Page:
Everyone in business has encountered and dealt with a difficult employee—they’re unavoidable, and often unforgettable. They complain about every task given to them, talk back, exude constant negativity, gossip excessively about coworkers, and overall, bring the company down as a whole. Unfortunately, bad hires happen, and firing isn’t always the optimal solution. So how do you deal before losing your temper? OPEN Forum experts share their experiences and lessons learned.
They key to dealing with these types of office people is how you communicate with them. “The hardest part is figuring out what to say to them so you can get what you want without being a jerk,” says Lawrence Polsky. He suggests sticking to the four F words: fight, friend, face and forget. “Remember, the most important factor in choosing the right F word is figuring out how important the situation is. The more important it is to you, lean toward fight or face. If the issue is more important to them, just friend 'em. Lastly, if it is not so important, just forget it,” he says.
Sometimes it’s just not worth the fight. “I can tell you from personal experience that sometimes relieving a difficult employee from duty may be just as advantageous as hiring a new star,” says Robert Basso. So if you’ve tried communicating and correcting the behavior and there’s still no change, cut ties—everyone in your company will be happier. After Basso let go of his trouble-maker “you could literally feel the cloud of negativity lift from our small operation.” Here, he shares more benefits.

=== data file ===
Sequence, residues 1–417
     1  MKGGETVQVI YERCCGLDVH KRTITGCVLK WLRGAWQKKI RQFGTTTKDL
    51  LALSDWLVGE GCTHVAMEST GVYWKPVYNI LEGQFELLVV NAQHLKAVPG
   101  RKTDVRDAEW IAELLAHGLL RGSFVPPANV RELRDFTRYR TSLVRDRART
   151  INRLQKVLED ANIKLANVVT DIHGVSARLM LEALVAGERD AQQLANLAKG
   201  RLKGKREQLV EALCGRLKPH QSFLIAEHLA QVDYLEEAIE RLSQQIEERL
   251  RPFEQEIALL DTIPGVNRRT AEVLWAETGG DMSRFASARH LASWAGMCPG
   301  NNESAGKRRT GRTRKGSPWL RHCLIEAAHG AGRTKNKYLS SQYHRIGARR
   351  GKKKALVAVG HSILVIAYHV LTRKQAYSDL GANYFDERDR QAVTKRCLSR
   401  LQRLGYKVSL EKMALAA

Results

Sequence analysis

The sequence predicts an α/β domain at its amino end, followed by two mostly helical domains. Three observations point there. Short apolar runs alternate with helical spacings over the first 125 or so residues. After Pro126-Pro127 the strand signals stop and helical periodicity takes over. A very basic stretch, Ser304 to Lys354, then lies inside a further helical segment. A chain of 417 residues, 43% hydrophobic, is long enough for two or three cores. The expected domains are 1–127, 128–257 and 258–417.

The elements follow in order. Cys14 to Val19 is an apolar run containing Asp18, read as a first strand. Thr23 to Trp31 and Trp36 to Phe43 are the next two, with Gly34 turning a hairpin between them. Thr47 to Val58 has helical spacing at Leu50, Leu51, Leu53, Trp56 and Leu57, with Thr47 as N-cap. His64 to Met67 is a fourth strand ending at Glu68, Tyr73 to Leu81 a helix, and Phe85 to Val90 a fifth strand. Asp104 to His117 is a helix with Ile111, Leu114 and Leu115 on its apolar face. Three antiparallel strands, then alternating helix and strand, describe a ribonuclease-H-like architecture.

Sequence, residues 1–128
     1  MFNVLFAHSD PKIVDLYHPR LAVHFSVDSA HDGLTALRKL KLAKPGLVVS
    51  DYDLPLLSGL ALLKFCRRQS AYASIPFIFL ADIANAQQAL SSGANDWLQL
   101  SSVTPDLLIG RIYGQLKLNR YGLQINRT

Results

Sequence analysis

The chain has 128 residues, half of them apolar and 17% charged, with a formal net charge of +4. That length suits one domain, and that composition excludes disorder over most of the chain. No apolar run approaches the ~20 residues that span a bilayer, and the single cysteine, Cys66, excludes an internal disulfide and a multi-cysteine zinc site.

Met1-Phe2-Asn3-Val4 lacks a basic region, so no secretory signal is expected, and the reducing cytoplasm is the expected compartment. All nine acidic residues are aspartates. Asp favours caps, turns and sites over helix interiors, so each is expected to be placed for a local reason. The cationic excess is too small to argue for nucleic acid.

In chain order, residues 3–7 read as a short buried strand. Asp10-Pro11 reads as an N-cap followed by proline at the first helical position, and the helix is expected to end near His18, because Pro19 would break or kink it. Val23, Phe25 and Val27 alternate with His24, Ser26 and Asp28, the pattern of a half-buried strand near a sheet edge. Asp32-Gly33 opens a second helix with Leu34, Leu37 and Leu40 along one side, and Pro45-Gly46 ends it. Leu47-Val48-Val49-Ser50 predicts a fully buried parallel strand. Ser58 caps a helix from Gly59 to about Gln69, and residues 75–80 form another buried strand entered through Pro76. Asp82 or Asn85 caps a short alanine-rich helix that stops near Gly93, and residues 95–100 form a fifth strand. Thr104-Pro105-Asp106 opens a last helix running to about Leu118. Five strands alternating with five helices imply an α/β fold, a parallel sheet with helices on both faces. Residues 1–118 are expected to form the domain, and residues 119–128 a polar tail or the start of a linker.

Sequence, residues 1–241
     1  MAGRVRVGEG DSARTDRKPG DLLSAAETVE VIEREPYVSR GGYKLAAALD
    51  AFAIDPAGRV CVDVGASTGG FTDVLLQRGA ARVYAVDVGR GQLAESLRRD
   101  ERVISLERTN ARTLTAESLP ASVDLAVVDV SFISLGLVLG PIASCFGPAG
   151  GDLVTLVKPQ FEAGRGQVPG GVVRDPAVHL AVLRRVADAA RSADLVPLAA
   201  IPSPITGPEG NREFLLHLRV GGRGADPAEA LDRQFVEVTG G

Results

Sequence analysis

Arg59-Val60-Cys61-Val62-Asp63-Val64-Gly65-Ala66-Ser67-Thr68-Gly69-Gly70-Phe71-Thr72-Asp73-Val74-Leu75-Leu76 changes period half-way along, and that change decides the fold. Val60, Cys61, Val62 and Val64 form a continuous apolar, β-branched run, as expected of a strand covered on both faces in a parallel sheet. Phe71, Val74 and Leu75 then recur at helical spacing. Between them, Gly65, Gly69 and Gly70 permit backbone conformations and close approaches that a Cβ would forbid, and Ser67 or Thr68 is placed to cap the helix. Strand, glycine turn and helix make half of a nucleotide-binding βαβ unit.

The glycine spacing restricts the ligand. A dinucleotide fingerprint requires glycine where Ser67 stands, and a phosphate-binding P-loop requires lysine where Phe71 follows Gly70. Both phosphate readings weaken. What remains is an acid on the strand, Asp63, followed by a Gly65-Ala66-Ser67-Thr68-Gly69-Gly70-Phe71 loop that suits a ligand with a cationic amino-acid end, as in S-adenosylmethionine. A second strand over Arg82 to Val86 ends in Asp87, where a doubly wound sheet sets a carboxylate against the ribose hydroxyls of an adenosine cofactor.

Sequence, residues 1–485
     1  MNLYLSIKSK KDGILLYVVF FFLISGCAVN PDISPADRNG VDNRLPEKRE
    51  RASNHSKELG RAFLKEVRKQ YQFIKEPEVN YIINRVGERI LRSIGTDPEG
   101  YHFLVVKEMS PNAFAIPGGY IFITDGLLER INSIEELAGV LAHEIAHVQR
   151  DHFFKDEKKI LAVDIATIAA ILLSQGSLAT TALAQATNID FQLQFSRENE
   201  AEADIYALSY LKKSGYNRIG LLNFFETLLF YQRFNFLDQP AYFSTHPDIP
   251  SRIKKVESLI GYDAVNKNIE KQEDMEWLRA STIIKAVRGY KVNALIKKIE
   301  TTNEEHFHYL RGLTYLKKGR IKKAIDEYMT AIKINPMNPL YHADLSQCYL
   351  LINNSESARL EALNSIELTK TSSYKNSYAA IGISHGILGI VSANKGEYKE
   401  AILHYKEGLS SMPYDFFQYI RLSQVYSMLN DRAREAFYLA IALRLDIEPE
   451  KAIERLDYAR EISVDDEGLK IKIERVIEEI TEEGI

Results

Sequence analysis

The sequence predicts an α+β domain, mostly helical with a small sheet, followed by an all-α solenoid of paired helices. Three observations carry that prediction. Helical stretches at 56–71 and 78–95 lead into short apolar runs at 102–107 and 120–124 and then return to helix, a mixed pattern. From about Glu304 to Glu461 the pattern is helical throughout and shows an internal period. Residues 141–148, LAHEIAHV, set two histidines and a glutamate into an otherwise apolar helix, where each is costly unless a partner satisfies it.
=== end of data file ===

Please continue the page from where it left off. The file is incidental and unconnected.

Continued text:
As easy of a solution as it may seem, you never want to fire people. “As a business owner with managerial accountabilities—directly supervising employees or overseeing a manager in charge—you want to lead, develop and empower people,” says Julie Rains. But how can you make it work with someone who is a constant struggle? For starters, Rains says to “Keep interactions positive and instructive, conveying expectations, educating on policies, explaining nuances of the business, and modeling appropriate interactions with customers and vendors.”
A 2007 poll conducted by the Employment Law Allegiance revealed that a whopping 45 percent of American workers have experienced abuse in the workplace. Stanford professor Robert Sutton warns that difficult co-workers not only reduce productivity, but they can also result in well-qualified, super-star employees leaving the company. To identify these people, Sutton says to ask these questions: After talking to this colleague, do you feel oppressed, humiliated, de-energized or just bad about yourself? Does this colleague usually target people who are less powerful rather than those people who are more powerful? He also offers insightful tips for avoiding these office jerks.
Bullying doesn’t apply solely to kids in the sandbox—it applies to the workplace as well. A recent CareerBuilder survey found that 27 of works have felt bullied in the office. “Today’s myriad of communication methods and the fast pace of the workplace can easily escalate bullying,” says Anita Campbell. But the question still stands: what should you do about it?
“Creating a protocol requiring employees to report problems to HR doesn’t mean a thing if you don’t deal with the problems,” says Campbell. “As the business owner, the best way for you to stop bullying is by being present in your business. Manage by walking around—see what people are doing, how they’re interacting. Talk to them regularly and watch how they relate to one another.”